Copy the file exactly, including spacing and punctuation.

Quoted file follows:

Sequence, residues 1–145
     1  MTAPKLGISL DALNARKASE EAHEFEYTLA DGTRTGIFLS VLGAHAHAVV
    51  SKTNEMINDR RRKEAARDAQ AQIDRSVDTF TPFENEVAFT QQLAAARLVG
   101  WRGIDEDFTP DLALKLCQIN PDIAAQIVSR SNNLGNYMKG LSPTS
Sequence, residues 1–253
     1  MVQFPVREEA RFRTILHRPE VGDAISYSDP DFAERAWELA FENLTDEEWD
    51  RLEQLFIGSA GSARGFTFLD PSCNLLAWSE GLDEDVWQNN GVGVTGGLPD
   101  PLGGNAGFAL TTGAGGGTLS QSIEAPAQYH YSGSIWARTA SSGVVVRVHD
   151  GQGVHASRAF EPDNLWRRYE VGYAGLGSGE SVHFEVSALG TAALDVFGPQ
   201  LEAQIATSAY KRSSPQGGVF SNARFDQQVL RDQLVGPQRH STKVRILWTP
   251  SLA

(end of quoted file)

Sequence, residues 1–145
     1  MTAPKLGISL DALNARKASE EAHEFEYTLA DGTRTGIFLS VLGAHAHAVV
    51  SKTNEMINDR RRKEAARDAQ AQIDRSVDTF TPFENEVAFT QQLAAARLVG
   101  WRGIDEDFTP DLALKLCQIN PDIAAQIVSR SNNLGNYMKG LSPTS
Sequence, residues 1–253
     1  MVQFPVREEA RFRTILHRPE VGDAISYSDP DFAERAWELA FENLTDEEWD
    51  RLEQLFIGSA GSARGFTFLD PSCNLLAWSE GLDEDVWQNN GVGVTGGLPD
   101  PLGGNAGFAL TTGAGGGTLS QSIEAPAQYH YSGSIWARTA SSGVVVRVHD
   151  GQGVHASRAF EPDNLWRRYE VGYAGLGSGE SVHFEVSALG TAALDVFGPQ
   201  LEAQIATSAY KRSSPQGGVF SNARFDQQVL RDQLVGPQRH STKVRILWTP
   251  SLA